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Nigel Simeone
International Record Review, March 2011

The Small Desmar label made two recordings with Leopold Stokowski in 1975, when the conductor was 93. They were released on CD by EMI in the 1990s but didn’t last long in the catalogue, so it’s great to see these getting a new lease of life on Newton Classics. The first disc, with the RPO, is of music for string orchestra: the Serenade by Dvořák, an arrangement of Dido’s Lament by Purcell and Vaughan Williams’s Fantasia on a Theme by Thomas Tallis. The Vaughan Williams is radiant and spacious—it’s one of the most beautiful readings I know of this much-recorded work—while the Dvořák is full of coaxing charm. The recorded sound is first-rate.



Phil Muse
Audio Video Club of Atlanta, January 2011

Herewith hangs a tale. In the summer of 1975, at the tender age of 93. Leopold Stokowski was lured into EMI’s Abbey Road Studio No. 1 to make a brace of recordings that summed up his life and work. Among them were two of the landmarks of English music, Ralph Vaughn Williams’ Fantasia on a Theme of Thomas Tallis and Stoki’s own setting of the Lament from Purcell’s Dido and Aeneas.

In the Tallis Fantasia, based on a Psalm melody by the 16 th Century English composer, the string section of the Royal Philharmonic cultivates a rich, full and persuasive sound that serves well this meeting of ancient polyphony in the Phrygian mode with modern string orchestra technique. Vaughn Williams divides the strings into three parts. This configuration resembles a great organ, with a string quartet as the swell division, orchestra I the great division, and orchestra II, composed of a single desk from each section, the choir division. The pattern of sound and decay replicates what we might hear in a great cathedral. A noble secondary melody, first heard in a solo viola, forms the climax of the work. Stokowski seems to have been born to conduct this remarkable work combining beauty with emotion, and intense joy with the unseen mystery of things, as luxuriant growth develops from fragments of the theme.

The heroine’s lament “When I am laid in Earth” from Henry Purcell’s 1695 opera Dido and Aeneas, with its noble melody underscored by acdescending chromatic line in the bass that is repeated eleven times as Dido resolutely faces her death, was long a favorite of Stokowski’s. The worderful word painting in this music, climaxing in a sudden register leap and a crescendo, was just the sort of thing of which Stoki was termeramentally equipped to make much. And he does!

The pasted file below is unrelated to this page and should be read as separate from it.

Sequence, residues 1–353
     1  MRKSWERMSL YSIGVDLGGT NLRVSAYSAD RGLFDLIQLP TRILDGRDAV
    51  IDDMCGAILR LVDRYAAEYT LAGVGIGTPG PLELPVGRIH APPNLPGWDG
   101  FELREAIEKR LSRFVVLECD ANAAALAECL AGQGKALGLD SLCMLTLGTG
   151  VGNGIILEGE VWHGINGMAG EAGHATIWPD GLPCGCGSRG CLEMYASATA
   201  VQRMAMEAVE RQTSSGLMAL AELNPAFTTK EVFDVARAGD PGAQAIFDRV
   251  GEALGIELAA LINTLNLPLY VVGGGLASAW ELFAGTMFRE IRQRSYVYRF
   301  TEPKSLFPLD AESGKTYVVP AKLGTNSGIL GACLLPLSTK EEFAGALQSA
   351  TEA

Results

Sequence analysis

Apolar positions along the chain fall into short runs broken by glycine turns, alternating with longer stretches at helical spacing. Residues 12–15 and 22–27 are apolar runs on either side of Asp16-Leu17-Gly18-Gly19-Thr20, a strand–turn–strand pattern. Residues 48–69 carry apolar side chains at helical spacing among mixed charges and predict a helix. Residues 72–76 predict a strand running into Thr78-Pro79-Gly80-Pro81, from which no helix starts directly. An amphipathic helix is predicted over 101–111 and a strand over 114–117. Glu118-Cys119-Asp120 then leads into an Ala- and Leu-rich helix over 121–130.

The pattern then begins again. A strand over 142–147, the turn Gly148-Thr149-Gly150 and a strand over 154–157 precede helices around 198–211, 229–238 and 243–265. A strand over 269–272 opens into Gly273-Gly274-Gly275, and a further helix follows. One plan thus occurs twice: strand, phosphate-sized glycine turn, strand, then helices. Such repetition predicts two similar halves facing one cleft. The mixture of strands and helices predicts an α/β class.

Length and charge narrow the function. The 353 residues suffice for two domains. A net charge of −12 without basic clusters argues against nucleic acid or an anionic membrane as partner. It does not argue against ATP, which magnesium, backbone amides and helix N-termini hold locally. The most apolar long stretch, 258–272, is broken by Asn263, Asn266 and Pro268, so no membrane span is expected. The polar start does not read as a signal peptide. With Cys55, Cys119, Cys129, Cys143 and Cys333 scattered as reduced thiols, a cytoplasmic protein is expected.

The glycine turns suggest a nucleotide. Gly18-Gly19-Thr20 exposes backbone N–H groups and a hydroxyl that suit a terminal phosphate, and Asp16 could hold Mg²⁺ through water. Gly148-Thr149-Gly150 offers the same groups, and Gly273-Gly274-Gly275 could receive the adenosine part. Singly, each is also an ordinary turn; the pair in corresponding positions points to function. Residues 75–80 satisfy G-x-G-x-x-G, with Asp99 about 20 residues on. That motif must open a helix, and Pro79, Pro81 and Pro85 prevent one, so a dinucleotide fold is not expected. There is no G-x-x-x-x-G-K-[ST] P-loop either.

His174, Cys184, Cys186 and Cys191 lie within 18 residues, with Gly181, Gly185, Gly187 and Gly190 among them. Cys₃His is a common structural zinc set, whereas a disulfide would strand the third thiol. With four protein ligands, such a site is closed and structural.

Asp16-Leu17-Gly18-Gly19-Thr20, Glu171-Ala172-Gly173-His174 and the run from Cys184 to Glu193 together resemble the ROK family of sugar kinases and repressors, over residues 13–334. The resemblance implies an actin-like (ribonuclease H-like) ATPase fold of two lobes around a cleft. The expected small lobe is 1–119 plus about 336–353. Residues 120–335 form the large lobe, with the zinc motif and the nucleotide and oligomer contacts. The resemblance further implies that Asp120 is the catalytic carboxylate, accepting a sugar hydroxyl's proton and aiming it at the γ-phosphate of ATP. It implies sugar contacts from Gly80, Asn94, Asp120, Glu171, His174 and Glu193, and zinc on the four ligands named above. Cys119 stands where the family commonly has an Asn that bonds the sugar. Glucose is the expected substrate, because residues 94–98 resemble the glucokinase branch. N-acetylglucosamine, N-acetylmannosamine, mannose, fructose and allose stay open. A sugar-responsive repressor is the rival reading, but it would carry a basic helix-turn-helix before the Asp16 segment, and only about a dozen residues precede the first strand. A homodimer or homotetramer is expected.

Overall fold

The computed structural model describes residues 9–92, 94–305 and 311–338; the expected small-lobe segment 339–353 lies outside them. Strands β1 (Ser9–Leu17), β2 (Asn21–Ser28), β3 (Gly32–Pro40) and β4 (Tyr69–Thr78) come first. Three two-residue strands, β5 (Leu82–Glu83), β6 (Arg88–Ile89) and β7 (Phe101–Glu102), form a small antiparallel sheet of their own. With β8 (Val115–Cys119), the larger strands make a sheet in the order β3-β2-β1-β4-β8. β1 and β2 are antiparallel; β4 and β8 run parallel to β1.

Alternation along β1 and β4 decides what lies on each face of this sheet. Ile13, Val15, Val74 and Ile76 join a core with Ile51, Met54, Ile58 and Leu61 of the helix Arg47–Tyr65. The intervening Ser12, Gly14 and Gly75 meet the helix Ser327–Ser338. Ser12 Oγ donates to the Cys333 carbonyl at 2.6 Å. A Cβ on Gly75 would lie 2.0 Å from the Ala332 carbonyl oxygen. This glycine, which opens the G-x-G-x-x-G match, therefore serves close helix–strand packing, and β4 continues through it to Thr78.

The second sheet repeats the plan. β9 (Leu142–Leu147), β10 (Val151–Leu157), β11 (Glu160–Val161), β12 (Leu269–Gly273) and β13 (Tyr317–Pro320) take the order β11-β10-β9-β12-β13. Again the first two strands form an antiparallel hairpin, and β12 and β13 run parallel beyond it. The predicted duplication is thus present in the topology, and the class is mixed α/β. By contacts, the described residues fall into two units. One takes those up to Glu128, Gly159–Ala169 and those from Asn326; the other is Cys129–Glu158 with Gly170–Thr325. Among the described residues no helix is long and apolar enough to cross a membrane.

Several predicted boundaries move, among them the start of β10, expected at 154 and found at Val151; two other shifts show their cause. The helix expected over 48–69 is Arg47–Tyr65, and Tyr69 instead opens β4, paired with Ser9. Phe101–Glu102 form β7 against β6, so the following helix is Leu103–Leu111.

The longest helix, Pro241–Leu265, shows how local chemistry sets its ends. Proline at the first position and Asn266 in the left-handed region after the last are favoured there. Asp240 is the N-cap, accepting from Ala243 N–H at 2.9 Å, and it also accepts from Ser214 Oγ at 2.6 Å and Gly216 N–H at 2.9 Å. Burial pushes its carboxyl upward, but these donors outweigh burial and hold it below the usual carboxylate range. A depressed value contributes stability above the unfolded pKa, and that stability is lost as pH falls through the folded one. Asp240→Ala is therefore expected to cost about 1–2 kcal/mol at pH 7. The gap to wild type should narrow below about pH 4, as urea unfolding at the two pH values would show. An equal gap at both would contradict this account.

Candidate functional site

Finally, Stokowski pours all the ardour of “youthful” discovery into Antonin Dvořák’s Serenade for Strings, Op. 22, in the very rich key of E Major. He makes up here for his previous unfathomable, total neglect of a work that arrests our attention immediately with its ardent nature and the sheer beauty of its folkinspired melodies. The serenade is in five movements: Moderato, Tempo di valse, Scherzo: Vivace, Larghetto and Finale: Allegro Vivace, with the same jaunty melody that captured our attention in the opening movement coming back again at the end. Stokowski uses considerable rubato to advance the tempo at key points in the waltz movement (Now, why would a 93 year old want to do that?). He applies the same technique more expertly in the finale to generate much excitement. And he thins out the string sound at the end of the Larghetto to impart a breathless, rapturous feeling to the music. This is a recording not to be missed!



Infodad.com, November 2010

RACHMANINOV, S.: Symphony No. 3 / Vocalise (National Philharmonic, Stokowski) NC8802024
DVOŘÁK, A.: Serenade / VAUGHAN WILLIAMS, R.: Fantasia on a Theme by Thomas Tallis / PURCELL, H.: Dido’s Lament (Royal Philharmonic, Stokowski) NC8802025
BYRD, W. / TAVERNER, J.: Masses / Motets (King’s College Choir, Willcocks) NC8802020

There is a different sort of delving into the past in three new Newton Classics releases. This CD company is re-releasing recordings, most of them originally made in analog form, from the middle and latter part of the 20th century. And some of them are very special indeed. Leopold Stokowski’s broadly Romantic conducting style was not to everyone’s taste during his lifetime and will not be so today, but it has to be said that two new recordings made when Stokowski was 93 years old (two years before his death) are fascinating and in many ways quite remarkable. Stokowski conducted the première of Rachmaninoff’s Third Symphony in 1936 but then never again led it in public—so his return to the work in 1975 was quite an event. And he makes a strong case for this symphony, emphasizing its very broadly melodic lines and lush, even cloying orchestration. The pacing is deliberate, but not slow, and the National Philharmonic plays willingly and with feeling, if not perhaps with the burnished quality of brass that shows Rachmaninoff at his best. The composer’s orchestration of the well-known Vocalise completes the CD, with Stokowski making the work as expansive and emotional as anyone could wish.